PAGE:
First, WeWork popularized and successfully scaled the coworking concept for office space. Now, this trend is gaining support in the warehouse/industrial sector. Although no locations have yet opened in central Maryland, that could soon be changing as owners/investors look to take advantage of expected demand.

The typical co-warehousing building consists of 50,000 to 150,000 square feet of space, which is subsequently leased to multiple tenants ranging from as little as 100 square feet and extending up to several thousand square feet. The expenses for common areas and services – which include utilities, internet connections, loading docks and restrooms – are shared among the companies. Most of the leases are short-term and tenant build-out is extremely simple with open ceilings and minimal offices to assure the lowest cost of retrofitting space for the next user.

Saltbox, which operates locations in nine cities across the country, describes itself as providing “purpose-built workspaces that offer fulfillment and logistics support to e-commerce entrepreneurs.” The concept appeals to small startups and offers a “break from garages stuffed with inventory, living rooms packed with products and kitchen counters substituting as desks.” Saltbox has monthly memberships that provide customers access to warehouse space, shipping services, private phone booths, cafés and weekly events. The company recently raised $35 million in venture capital money, which followed an earlier raise of $130 million last year.

“The inventory for warehouse and logistics space in the Baltimore-Washington, D.C. corridor remains incredibly tight, which is the primary reason why we have not seen the concept emerge in our area to date but it seems logical that it will, based on its success nationally,” explained Allan Riorda, SIOR and Principal of Lee & Associates | Maryland. “Similar to office incubator spaces, co-warehousing represents a great opportunity for development firms to establish relationships with smaller companies that, over time, will grow into users of considerably larger spaces and can be transferred to a nearby building.”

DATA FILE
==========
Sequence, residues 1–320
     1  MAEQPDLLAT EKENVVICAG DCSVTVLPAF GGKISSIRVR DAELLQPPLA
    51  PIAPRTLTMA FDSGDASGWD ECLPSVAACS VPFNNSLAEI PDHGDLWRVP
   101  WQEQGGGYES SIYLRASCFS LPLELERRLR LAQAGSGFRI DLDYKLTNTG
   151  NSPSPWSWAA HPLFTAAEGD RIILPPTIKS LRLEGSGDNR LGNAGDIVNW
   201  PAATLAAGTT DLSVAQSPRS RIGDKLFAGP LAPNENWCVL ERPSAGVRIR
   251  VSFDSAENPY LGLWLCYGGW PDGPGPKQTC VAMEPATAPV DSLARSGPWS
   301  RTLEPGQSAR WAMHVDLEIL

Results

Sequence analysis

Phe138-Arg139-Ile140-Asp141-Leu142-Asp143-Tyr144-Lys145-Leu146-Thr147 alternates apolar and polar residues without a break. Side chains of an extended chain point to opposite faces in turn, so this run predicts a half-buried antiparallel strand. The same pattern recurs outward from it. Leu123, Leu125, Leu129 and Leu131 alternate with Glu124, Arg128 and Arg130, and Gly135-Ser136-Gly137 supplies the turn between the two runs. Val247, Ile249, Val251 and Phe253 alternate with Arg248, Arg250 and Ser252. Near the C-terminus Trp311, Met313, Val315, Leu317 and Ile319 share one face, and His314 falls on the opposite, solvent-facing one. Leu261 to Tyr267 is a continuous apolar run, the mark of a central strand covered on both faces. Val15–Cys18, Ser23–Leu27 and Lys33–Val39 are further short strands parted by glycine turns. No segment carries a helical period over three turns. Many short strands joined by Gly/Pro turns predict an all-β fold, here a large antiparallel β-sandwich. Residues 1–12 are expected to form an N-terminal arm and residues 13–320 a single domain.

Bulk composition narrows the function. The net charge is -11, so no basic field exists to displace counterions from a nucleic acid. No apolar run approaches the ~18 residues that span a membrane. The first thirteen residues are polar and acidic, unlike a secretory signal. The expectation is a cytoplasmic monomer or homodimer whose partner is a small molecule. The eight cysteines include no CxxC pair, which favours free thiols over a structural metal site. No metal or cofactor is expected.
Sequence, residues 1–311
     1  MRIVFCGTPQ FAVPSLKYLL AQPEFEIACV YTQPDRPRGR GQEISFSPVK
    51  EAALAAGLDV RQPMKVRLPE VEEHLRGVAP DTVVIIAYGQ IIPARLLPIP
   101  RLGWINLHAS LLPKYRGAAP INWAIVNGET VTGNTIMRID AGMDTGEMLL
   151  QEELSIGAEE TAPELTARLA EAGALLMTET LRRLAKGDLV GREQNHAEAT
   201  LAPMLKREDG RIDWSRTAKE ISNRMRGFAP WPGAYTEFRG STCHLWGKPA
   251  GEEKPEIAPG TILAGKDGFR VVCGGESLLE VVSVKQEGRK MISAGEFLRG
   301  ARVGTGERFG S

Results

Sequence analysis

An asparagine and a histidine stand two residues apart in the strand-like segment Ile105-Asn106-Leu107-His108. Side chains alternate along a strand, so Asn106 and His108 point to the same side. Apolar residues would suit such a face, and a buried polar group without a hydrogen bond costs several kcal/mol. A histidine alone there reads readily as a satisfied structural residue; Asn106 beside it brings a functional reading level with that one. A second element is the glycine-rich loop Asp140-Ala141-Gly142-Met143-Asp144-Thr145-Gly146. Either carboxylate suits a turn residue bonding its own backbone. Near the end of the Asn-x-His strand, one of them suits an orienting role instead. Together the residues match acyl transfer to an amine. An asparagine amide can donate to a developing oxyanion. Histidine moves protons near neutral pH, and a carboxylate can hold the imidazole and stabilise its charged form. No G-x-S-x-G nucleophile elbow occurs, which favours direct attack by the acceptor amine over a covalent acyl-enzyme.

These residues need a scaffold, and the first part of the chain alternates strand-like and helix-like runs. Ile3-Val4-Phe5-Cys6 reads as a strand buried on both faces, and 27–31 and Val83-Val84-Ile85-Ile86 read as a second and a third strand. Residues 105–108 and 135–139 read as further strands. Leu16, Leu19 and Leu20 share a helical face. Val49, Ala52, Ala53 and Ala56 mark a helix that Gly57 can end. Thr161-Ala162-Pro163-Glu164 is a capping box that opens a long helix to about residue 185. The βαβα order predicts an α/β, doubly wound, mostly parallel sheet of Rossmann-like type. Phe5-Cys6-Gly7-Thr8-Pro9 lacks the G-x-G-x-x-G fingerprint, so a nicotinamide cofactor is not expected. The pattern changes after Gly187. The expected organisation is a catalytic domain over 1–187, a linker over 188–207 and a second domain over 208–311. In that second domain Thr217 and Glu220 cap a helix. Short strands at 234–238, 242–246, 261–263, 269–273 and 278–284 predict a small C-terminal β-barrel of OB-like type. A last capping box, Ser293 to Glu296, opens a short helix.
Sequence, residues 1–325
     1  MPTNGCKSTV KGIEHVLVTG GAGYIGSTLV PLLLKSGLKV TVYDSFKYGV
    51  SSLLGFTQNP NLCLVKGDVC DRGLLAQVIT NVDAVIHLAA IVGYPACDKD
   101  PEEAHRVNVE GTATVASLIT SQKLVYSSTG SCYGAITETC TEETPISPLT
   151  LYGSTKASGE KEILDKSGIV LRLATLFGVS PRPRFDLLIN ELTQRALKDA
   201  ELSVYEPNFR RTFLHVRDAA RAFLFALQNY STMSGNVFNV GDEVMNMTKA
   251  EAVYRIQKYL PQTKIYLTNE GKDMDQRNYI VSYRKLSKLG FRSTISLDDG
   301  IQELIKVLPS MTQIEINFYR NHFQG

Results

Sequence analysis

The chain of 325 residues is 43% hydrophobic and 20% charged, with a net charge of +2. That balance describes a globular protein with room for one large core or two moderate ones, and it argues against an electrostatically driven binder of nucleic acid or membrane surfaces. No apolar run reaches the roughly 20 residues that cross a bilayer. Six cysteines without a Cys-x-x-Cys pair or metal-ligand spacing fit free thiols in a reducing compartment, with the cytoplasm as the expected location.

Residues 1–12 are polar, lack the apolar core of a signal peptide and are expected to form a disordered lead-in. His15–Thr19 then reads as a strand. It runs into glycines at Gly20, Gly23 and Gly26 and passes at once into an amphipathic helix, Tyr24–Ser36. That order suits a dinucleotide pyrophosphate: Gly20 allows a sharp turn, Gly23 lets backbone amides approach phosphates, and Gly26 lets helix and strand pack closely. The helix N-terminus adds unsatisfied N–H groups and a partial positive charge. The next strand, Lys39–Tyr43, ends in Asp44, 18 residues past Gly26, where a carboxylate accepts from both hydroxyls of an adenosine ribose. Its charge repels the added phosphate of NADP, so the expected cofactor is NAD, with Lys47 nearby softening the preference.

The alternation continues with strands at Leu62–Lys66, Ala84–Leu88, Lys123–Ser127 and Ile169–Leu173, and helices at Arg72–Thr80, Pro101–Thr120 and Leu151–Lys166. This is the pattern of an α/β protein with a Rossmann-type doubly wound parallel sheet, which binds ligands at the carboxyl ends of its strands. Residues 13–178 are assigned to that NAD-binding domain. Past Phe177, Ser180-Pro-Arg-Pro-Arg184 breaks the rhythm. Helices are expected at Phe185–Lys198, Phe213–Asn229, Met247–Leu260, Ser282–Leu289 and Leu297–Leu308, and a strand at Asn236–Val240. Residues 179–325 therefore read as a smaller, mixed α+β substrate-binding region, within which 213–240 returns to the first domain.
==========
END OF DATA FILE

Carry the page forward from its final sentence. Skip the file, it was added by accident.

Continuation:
WareSpace is a Washington, D.C.-based co-warehousing company that operates spaces in Lanham, Maryland and Alexandria, Virginia. Features offered include industrial racking systems, pallet jacks, conference rooms, a kitchen, lounge and 24/7 security. The company, which bills itself as a “one-stop shop for all your small warehousing needs,” seems a likely candidate to expand its footprint locally.

According to Coworking Insights, the co-warehouse concept is being driven by the steady rise of e-commerce with storage and logistics space becoming the lifeblood of small entrepreneurs trying to grab market share. The article suggests that “young businesses often fail because they make mistakes related to scalability and expansion” and co-warehousing enables companies to “pay for only what they currently require and add space incrementally as they grow.”

Another emerging use is among companies that require seasonal storage for products during the holiday season, as well as groups that need to temporarily house necessary items in anticipation of ongoing supply chain challenges. An example is construction firms purchasing often-needed materials or equipment and saving the products for future use.

“Public warehousing spaces, including those operated by Ryder and Ware2Go, have thrived by helping companies that need outside vendor support to handle all or a portion of its distribution requirements, and co-warehousing allows smaller companies to operate their entire operation within the space,” Riorda added.

Additional benefits of the concept are networking opportunities for co-tenants in the building, access to daily shipping services, a private location to receive and send shipments, and related amenities, in some instances such as legal and accounting services.